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  10. commercialists
    • 1988 October 7, Harold Henderson, “Saved Form the Sandsuckers”, Chicago Reader:
      Both sides--the "commercialists" and the "conservationists"--blitzed with outside endorsements, tours, advertisements, fliers, newspaper articles, and radio and TV publicity.
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  11. concertgoing
    • 1988 October 7, Harold Henderson, “The City File”, Chicago Reader:
      And you thought those coughs were part of the concertgoing experience.
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  12. defeatedly
    • 1988 October 7, Laura Molzahn, “Between Heaven and the Gargabe Can”, Chicago Reader:
      And I was not surprised that the audience thought the piece was over and began applauding when Shukofsky stopped reading and the lights went down on the four dancers standing defeatedly with their backs to the audience and about as far away from us as they could get.
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  13. developpe
    • 1988 October 7, Laura Molzahn, “Between Heaven and the Gargabe Can”, Chicago Reader:
      Performing a curiously melancholy, undulating developpe, the dancers point their legs at each other like accusing fingers.
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  14. dismissably
    • 1988 October 7, Bill Wyman, “Reading: Lennon Mania”, Chicago Reader:
      Where Ringo was dismissably cute, George disturbingly strange, Paul sometimes OK but suspiciously maudlin--indeed, where Dylan was depressing, the Stones boring, and the Who moribund--John Lennon, retained our affection and somehow, particularly during the quiet years, earned more of it and gained our respect back as well.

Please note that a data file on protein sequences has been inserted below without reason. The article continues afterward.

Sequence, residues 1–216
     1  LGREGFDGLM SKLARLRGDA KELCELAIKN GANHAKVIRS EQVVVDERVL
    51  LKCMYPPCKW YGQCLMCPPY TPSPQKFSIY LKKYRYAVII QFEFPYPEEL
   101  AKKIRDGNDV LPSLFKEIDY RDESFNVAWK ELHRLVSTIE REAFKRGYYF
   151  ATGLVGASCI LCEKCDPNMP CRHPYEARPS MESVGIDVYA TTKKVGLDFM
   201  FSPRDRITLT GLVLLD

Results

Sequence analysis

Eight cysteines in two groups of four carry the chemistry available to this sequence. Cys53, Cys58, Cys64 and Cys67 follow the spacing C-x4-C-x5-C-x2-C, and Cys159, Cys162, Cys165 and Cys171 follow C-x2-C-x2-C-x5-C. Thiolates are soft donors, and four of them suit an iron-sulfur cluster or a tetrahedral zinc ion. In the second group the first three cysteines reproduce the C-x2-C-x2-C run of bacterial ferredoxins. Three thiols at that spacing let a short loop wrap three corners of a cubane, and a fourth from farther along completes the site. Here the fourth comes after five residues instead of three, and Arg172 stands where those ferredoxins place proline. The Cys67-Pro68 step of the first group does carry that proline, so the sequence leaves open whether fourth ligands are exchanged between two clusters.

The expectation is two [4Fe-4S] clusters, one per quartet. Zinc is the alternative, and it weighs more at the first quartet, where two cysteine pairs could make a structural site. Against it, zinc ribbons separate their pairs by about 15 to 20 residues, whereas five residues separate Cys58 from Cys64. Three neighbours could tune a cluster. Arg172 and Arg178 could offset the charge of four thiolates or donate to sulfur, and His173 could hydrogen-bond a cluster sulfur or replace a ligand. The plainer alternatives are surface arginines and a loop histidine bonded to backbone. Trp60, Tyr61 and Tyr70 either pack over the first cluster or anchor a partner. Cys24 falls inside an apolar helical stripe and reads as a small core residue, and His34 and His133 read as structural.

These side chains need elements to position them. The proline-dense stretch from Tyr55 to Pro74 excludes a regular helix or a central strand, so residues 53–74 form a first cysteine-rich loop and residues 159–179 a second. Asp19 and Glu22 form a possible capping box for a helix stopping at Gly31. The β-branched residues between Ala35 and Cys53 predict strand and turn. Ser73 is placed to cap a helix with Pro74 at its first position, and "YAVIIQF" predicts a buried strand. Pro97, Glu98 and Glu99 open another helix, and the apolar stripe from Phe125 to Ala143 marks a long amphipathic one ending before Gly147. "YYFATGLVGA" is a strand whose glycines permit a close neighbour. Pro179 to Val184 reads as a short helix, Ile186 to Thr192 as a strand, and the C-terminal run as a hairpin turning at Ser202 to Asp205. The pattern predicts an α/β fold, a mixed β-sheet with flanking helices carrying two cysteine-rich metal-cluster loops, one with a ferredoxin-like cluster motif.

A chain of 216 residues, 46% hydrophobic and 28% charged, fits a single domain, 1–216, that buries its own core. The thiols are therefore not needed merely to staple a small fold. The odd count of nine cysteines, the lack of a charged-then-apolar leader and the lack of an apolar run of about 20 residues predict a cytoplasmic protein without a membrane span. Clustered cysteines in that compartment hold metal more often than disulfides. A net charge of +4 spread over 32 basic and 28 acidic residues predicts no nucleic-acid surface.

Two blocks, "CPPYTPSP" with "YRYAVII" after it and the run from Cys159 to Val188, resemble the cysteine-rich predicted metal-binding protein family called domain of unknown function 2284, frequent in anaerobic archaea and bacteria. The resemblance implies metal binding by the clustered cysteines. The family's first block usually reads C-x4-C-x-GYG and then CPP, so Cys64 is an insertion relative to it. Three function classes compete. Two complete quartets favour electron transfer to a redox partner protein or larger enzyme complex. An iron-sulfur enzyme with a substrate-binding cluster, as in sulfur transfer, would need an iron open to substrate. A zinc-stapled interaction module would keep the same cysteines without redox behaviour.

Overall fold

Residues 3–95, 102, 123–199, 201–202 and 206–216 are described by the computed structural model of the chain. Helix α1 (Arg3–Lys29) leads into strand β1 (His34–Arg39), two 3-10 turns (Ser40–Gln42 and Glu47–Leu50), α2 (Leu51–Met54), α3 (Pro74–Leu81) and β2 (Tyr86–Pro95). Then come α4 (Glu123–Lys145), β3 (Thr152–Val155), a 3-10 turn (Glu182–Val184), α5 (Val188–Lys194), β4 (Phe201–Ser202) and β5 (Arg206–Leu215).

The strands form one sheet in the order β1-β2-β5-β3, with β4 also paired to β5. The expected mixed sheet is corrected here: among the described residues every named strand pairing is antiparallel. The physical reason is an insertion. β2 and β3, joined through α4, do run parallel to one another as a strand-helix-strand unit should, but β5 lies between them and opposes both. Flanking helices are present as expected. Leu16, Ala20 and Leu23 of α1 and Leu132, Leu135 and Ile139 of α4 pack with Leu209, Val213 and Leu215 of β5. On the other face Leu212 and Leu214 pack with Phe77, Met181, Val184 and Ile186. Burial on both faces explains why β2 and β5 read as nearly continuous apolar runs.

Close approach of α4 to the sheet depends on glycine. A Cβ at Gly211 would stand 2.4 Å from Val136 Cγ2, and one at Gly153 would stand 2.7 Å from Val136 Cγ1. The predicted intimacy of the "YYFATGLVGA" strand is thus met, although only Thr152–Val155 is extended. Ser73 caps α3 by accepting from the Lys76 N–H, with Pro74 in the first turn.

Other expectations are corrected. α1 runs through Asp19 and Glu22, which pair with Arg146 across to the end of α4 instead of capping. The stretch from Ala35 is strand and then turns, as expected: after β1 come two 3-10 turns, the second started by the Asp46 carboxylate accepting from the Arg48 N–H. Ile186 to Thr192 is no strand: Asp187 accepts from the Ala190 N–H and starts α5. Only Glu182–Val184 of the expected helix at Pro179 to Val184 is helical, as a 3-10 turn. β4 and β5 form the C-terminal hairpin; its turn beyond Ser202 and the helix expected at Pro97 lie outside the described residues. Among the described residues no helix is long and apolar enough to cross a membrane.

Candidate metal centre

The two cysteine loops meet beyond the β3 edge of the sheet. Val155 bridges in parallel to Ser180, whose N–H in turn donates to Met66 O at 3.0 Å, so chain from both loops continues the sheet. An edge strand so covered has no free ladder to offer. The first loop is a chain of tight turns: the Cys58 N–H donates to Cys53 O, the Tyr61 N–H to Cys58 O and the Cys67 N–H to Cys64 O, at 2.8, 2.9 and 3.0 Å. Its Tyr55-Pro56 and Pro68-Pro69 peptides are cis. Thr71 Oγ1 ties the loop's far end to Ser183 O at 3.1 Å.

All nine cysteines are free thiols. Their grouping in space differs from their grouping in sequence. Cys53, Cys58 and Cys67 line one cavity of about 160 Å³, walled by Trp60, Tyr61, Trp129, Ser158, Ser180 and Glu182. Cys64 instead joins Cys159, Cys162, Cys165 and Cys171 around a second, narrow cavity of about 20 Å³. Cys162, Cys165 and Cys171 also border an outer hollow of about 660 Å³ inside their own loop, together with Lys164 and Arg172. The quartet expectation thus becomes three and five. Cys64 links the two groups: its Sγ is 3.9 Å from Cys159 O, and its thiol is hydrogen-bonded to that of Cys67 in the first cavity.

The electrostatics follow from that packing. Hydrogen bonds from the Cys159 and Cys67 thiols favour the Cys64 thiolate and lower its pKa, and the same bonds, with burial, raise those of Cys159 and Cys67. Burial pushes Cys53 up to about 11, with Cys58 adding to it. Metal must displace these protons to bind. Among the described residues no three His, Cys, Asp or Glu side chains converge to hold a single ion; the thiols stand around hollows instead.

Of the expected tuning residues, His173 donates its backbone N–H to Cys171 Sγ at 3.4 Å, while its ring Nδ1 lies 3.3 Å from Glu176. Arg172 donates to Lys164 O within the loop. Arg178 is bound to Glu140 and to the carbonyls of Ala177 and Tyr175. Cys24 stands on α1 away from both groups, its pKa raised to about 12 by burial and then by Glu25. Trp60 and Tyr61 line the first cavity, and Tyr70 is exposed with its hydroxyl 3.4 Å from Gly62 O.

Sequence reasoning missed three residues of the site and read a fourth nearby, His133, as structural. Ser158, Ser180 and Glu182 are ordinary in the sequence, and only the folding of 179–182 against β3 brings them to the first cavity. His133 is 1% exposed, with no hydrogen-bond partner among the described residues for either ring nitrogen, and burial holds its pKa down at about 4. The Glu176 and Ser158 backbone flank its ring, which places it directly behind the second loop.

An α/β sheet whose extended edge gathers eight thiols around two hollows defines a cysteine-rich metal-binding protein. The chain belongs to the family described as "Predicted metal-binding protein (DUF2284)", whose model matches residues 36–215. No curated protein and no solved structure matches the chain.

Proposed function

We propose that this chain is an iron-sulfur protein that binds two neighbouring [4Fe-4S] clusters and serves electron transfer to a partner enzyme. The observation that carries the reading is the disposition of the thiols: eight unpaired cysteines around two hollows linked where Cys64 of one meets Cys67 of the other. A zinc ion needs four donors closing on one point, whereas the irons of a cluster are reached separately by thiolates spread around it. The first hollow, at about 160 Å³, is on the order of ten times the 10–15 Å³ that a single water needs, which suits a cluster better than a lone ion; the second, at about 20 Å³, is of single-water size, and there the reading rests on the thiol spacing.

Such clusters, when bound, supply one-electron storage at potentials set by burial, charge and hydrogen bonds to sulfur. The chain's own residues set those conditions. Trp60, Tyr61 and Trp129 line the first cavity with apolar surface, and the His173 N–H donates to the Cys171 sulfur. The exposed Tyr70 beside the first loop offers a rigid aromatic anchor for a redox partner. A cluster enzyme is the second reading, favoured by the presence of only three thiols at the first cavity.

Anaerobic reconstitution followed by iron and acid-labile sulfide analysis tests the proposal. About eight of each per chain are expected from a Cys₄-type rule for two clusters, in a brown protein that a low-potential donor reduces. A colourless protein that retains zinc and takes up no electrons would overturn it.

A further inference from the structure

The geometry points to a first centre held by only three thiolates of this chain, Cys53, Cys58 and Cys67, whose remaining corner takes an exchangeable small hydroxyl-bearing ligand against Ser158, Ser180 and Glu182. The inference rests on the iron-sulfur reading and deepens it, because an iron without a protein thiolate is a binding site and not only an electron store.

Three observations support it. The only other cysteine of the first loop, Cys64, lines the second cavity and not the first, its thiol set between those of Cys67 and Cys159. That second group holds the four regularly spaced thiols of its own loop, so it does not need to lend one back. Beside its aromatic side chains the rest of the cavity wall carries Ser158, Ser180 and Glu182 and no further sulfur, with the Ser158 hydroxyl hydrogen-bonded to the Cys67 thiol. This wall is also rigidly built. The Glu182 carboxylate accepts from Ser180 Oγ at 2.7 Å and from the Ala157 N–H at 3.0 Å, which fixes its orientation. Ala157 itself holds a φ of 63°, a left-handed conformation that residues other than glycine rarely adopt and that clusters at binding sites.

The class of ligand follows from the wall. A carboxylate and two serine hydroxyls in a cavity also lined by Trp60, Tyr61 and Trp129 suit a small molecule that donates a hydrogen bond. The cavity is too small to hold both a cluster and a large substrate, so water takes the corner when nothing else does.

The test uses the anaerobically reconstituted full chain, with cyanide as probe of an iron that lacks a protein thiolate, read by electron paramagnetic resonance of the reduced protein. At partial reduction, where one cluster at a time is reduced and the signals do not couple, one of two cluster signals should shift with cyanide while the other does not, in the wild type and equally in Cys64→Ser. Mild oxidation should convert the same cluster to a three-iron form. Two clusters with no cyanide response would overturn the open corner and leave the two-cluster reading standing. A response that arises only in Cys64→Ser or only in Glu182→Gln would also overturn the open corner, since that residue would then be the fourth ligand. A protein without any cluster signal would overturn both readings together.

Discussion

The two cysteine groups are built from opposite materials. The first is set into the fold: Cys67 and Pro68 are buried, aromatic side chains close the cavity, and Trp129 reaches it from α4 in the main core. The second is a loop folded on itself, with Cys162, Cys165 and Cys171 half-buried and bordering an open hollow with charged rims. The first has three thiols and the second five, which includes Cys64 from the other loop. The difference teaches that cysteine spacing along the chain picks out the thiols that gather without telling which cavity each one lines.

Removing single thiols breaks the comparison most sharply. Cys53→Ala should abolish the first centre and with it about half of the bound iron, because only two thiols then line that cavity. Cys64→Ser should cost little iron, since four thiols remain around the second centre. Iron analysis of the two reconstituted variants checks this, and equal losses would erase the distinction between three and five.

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  15. dockominiums
    • 1988 October 7, Hank De Zutter and Pamela Little De Zutter, “Invasion of the FIPs: boom time in southwestern Michigan”, Chicago Reader:
      Like the condominiums and "dockominiums" in nearby New Buffalo, the restaurant symbolizes the opulent aspect of the Chicago invasion, the arrival of Gold Coast sophistication to a neglected lakeside backwater.
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  16. dunelands
    • 1988 October 7, Harold Henderson, “Saved Form the Sandsuckers”, Chicago Reader:
      " Like other dunelands on Lake Michigan's southern and eastern shores, it has unusually diverse plant and animal life; unlike the others, it has the three smaller lakes on the landward side--part of an "embayment" cut off by sand spits several thousand years ago, as prehistoric Lake Michigan dropped by gradual stages to its current level.
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  17. ensembling
    • 1988 October 7, Dennis Polkow, “New Works by Local Composers”, Chicago Reader:
      Some of the violin playing was inaudible during this section, and there was an ensembling problem between horn and trombone, but the movement was given an atmospheric reading and was full of dynamic contrast.